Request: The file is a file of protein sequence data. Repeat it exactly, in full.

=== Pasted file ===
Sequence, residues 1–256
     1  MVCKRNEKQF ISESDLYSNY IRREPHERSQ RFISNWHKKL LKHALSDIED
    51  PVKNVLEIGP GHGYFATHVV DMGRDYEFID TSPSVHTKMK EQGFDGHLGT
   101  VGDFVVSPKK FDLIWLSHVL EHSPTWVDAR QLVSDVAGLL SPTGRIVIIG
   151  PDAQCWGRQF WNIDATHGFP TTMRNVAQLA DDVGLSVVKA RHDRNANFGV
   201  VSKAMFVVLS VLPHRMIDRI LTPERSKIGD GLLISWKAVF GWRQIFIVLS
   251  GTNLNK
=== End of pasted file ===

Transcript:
Sequence, residues 1–256
     1  MVCKRNEKQF ISESDLYSNY IRREPHERSQ RFISNWHKKL LKHALSDIED
    51  PVKNVLEIGP GHGYFATHVV DMGRDYEFID TSPSVHTKMK EQGFDGHLGT
   101  VGDFVVSPKK FDLIWLSHVL EHSPTWVDAR QLVSDVAGLL SPTGRIVIIG
   151  PDAQCWGRQF WNIDATHGFP TTMRNVAQLA DDVGLSVVKA RHDRNANFGV
   201  VSKAMFVVLS VLPHRMIDRI LTPERSKIGD GLLISWKAVF GWRQIFIVLS
   251  GTNLNK